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Is A Home Equity Line Of Credit Tax Deductible?

Is A Home Equity Line Of Credit Tax Deductible?

Being a home owner comes with many benefits such as not having loud neighbors above you, enjoying a backyard barbecue and paying yourself by building equity in the place you live. An additional and often used benefit from owning a home is called a home equity line of credit which can help with consolidating debts or starting a small business. Since mortgage interest is tax-deductible, the interest expense resulting from a home equity line of credit also has a similar tax benefit. So the answer is... Yes, a home equity line of credit is tax-deductible.

What is a Home Equity Line of Credit?

After making mortgage payments for a number of years, many home owners will have built up substantial sums of equity. A home equity line of credit or home equity loan uses the property as collateral to secure a personal loan. The amount of the loan is based off a percentage of the total equity. For example, if a home owner has a $200,000 mortgage and they have equity of $60,000, they will normally be able to get a loan for 75% of $60,000 or more accurately $45,000. Most lenders will not use an appraised value due to fear of fraud and pricing fluctuations in the housing market. Some lenders will however use an appraisal to verify that the property is worth at least the mortgage amount and that the home owner is not underwater.

Tax Deduction Benefit

The interest expense resulting from a home equity line of credit or home equity loan is always tax-deductible but the amount will vary based off how the loan is used. If the HELOC is used to make home improvements such as remodeling or renovating then interest can be deducted up to $1 million per married couple or individual. If the home equity line of credit is used for something other like debt consolidation or to start a small business then the interest expense is only deductible up to $100,000. Many consumers never go above the base hundred thousand dollar limit but if this is a concern then consult with a certified public accountant or tax attorney prior to obtaining a HELOC.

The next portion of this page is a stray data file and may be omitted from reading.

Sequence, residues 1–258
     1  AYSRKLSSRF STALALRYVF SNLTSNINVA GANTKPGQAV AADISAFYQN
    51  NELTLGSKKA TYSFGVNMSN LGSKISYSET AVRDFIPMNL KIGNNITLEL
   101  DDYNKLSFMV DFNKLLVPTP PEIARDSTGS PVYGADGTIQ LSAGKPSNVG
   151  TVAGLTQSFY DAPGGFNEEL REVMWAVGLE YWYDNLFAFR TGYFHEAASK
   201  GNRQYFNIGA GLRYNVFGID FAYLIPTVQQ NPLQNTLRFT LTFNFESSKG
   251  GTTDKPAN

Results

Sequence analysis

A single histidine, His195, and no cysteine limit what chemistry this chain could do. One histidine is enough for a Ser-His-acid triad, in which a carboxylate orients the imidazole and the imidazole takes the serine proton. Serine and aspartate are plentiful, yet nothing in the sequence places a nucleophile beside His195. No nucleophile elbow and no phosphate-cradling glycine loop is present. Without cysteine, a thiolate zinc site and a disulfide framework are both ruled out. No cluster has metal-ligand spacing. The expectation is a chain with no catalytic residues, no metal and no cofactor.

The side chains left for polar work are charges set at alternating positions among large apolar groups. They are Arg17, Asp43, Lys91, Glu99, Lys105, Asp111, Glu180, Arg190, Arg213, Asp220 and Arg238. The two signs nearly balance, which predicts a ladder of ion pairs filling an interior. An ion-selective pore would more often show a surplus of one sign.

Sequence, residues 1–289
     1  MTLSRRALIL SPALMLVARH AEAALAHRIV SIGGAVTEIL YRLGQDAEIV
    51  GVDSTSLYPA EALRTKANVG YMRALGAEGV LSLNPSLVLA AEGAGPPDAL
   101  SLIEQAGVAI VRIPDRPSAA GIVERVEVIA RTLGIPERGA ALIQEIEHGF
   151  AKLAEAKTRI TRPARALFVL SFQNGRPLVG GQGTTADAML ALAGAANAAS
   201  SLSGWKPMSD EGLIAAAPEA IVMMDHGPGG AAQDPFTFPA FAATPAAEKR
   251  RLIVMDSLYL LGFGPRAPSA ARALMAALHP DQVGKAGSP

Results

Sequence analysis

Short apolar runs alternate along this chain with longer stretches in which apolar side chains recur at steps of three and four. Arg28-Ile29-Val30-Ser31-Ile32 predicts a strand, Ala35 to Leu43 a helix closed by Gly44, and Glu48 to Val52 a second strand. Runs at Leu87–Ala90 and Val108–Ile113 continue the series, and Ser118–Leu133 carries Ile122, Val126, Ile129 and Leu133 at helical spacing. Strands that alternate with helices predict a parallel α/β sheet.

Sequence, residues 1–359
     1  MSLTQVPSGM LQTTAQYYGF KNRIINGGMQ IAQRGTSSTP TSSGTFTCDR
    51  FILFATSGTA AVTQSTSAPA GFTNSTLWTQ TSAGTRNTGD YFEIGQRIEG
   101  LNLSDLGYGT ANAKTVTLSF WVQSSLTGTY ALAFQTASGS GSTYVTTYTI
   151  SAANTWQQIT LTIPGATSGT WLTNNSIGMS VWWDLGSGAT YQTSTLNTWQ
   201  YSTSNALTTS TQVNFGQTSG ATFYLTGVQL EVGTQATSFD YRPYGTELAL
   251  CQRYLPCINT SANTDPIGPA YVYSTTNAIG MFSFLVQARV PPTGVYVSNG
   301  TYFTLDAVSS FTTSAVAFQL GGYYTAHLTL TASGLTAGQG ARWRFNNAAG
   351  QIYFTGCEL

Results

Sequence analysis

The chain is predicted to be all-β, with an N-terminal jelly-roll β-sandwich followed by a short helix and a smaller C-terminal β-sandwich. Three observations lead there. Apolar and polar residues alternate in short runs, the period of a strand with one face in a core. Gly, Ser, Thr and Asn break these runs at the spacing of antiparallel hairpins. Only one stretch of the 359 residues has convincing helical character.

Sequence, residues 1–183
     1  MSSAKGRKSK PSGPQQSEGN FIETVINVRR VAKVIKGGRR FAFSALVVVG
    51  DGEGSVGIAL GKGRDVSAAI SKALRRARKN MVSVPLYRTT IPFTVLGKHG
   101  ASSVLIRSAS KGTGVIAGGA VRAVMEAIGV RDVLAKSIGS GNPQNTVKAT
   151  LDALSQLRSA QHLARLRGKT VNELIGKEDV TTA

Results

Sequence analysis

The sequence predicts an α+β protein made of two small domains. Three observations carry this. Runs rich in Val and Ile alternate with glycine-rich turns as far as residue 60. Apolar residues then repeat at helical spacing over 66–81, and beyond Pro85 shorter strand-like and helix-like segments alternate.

How to Use the Deduction

In order to claim the interest expense from a home equity line of credit on your personal taxes you will need to use a Schedule A for your 1040 return. As with the end of your mortgage interest document you receive from your lender for your primary loan, you should also receive a similar document for your home equity line of credit. If you don't, you can ask your lender to provide a summary showing how much of your HELOC payments went towards interest and principle. Once you have the interest amount you can include this on your taxes as a deduction.

Word of Caution

Home equity lines of credit are heavily marketed by financial institutions such seeking to capitalize on consumer residential equity. The inherent risk with a HELOC is that, should a consumer default on the loan, they run the risk of having their personal property, namely their home, foreclosed upon and their family evicted. A home equity line of credit can be a great tool to get out of debt or increase the value of your home but it also has a significant underlying risk which should be fully understood prior to seeking this type of loan. Ask questions and read all documentation thoroughly before signing on the dotted line to protect yourself and your home.